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Profile FAQ And Instruction Manual
Sunday October 31, 2004
by IR Staff

We have compiled a new and up to date Profile FAQ. If you are ordering a printer profile, please make sure that you read the information contained here. Many of the questions you may have will be answered here. These articles are in PDF format.

Patching and Healing with Martin Evening.
Friday October 22, 2004
by Martin Evening

The third in a series of tutorials, Martin discusses the Healing Brush and Patch Tool. Martin's video tutorial accompanies this PDF and can be uncompressed using WinZip or the Stuffit expander. Published with permission of Focal Press Publishers, a division of Elsevier. Copyright 2004. For more information about this book and other Focal Press titles, please visit www.focalpress.com.

Nikon Scanning Workflow
Friday October 15, 2004
by Scott Martin

Scott Martin has deciphered Nikon's workflow technology and brings us this quick guide to achieving great scans. For more information on Scott and his work, please visit www.on-sight.com.

Image Adjustments with Martin Evening.
Friday October 8, 2004
by Martin Evening

The second in a series of tutorials, Martin discusses the Photo Filter and Color Temperature. Martin's video tutorial accompanies this PDF and can be uncompressed using WinZip or the Stuffit expander. Published with permission of Focal Press Publishers, a division of Elsevier. Copyright 2004. For more information about this book and other Focal Press titles, please visit www.focalpress.com.

Weekly Chatter:Monitor Recommendation
Wednesday October 6, 2004
by Imaging Revue Experts and Staff

Each and every week, Imaging Revue offers non-members a tantalizing taste of the information available in our forums. Make sure to check out the entire list. This thread contains some great information regarding the Sony Artisan and also touches on the LCD vs. CRT debate. If you are having some trouble with Artisan calibration, there are some helpful comments here. Jon Kulas

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Printers > Fine Art/Photographic Printing > ImagePrint -- can't soft-proof gray profiles -- how to compensate

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AuthorSubject: ImagePrint -- can't soft-proof gray profiles -- how to compensate   [Go to Bottom of Page]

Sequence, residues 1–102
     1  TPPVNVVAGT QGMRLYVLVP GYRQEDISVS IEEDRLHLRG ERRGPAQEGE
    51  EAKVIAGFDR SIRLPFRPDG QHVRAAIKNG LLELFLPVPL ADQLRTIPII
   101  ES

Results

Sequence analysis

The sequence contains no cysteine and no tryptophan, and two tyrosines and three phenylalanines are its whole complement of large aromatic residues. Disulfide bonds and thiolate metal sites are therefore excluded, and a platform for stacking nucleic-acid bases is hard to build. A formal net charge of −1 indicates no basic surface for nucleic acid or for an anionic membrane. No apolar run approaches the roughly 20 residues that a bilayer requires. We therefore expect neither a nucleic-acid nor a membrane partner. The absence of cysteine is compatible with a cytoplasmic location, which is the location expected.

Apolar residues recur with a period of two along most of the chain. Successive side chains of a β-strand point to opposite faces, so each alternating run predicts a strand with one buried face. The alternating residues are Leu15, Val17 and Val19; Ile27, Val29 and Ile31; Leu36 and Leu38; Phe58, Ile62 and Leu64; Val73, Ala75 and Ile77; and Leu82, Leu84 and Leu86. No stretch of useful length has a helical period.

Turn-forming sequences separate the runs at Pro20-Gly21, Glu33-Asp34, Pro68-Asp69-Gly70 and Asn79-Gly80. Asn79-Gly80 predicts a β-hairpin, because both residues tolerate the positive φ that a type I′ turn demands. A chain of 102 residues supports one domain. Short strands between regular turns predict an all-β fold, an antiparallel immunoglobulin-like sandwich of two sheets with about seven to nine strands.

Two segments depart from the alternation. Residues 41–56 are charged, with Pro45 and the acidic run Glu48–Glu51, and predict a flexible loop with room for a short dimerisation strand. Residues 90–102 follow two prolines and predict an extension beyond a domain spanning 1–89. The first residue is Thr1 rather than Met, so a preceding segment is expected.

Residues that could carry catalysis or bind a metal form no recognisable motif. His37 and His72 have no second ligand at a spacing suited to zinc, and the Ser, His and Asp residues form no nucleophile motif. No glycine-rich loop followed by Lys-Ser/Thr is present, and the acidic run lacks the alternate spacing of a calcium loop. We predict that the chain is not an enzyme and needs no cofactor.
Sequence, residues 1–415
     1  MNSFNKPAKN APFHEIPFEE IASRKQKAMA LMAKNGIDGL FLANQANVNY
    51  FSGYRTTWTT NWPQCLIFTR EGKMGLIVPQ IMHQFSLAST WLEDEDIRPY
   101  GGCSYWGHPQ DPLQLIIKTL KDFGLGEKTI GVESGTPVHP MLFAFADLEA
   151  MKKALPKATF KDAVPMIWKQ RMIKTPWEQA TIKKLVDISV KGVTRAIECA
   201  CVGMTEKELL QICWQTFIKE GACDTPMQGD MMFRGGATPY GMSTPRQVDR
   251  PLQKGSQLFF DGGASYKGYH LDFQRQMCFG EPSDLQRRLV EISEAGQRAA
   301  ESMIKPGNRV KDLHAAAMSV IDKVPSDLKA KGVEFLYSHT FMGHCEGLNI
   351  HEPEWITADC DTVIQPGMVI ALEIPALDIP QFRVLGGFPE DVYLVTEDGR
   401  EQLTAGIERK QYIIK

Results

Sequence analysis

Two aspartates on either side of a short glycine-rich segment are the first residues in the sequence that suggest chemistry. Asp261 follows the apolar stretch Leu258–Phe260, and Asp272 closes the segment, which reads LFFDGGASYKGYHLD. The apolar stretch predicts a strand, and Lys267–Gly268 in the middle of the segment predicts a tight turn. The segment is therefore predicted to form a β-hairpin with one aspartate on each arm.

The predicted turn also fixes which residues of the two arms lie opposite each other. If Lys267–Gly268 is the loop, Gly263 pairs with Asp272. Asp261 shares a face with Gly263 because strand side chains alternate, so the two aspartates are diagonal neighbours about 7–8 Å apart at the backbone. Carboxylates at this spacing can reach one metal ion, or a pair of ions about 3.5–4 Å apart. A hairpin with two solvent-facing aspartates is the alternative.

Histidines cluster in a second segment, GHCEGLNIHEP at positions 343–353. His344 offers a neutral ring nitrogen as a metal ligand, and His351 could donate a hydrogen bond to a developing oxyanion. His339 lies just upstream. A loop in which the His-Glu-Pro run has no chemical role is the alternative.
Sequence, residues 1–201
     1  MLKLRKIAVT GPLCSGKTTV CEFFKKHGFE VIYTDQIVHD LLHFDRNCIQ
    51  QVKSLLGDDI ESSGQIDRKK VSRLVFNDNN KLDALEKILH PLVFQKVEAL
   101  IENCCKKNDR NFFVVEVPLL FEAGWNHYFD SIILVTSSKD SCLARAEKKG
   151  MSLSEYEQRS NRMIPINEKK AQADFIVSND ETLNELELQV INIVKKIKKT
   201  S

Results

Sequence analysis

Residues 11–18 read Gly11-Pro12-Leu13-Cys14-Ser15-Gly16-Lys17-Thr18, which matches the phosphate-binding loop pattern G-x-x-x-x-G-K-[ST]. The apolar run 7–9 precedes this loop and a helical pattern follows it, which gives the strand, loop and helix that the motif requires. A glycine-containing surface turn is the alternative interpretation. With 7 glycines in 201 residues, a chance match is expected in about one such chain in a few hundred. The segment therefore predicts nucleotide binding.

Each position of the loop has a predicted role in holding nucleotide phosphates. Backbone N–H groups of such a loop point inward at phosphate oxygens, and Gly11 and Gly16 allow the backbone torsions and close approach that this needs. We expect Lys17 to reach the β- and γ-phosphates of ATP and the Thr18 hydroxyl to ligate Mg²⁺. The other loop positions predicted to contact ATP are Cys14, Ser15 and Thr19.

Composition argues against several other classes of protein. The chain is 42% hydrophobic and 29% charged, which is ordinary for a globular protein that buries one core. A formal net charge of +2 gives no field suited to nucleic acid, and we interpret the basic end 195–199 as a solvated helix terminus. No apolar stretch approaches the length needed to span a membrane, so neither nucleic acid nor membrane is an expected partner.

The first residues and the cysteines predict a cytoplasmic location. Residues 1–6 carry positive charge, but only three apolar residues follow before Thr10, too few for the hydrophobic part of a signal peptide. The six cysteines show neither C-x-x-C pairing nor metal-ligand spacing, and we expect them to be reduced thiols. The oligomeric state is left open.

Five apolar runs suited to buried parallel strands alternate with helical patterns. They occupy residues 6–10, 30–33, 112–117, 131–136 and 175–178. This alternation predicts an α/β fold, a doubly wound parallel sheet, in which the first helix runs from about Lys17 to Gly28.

Leo Lubow
Posted on Sun May 16, 2004 12:16 PM

Hi --

I just purchased IP 5.6 (which means 6.0 is probably coming out tomorrow)-- strictly for B&W; -- and was greatly disappointed when I discovered that I couldn't use Photoshop CS to soft-proof Colorbyte's "gray profiles." I’m surprised that while most reviews praise the fine-tuned control (and lack of metamerism) that IP provides for B&W; printing, there is little or no mention of this rather large Achilles heel. In other words, unless I'm missing something, the control I have over my final B&W; print hinges on how well I've compensated for the inability to use soft-proof gray profiles in CS. Perhaps I'm being picky, or perhaps I'm not as competent as I should be with adjustment layers, but after spending several hours trying to create a good compensating adjustment layer for the Epson Matte 1440 gray profile, I'm still not satisfied.

The method I tried -- from Colorbyte -- is this: I brought an image into IP; performed the recommended settings for B&W; printed the image; compared the IP image to the CS image appearing on my calibrated monitor; created a “compensating” adjustment layer in CS to make the CS image look (as closely as possible) to the IP print; created another adjustment layer in CS to bring the image back to how I liked it; turned off the first “compensating” adjustment layer; saved the document; and brought up the document in IP. As I understand it, at that point, the IP image should look like image I saved in CS just prior to turning off the compensating adjustment layer. Well ... thus far ... it’s not quite there. The IP images have consistently less contrast. Again, this might be attributable to a lack of skill on my part, but for a product so focused on fine-tuning, the requirement of adding my own adjustment layer seems like employing a heavy hammer to an otherwise delicate machinery.

I wonder: is there a compensating method that relies not on the eye, but pure numbers? Or ... can someone recommend a more objective method of compensation?

Thanks --


... this thread contains expert advice from Scott Martin.


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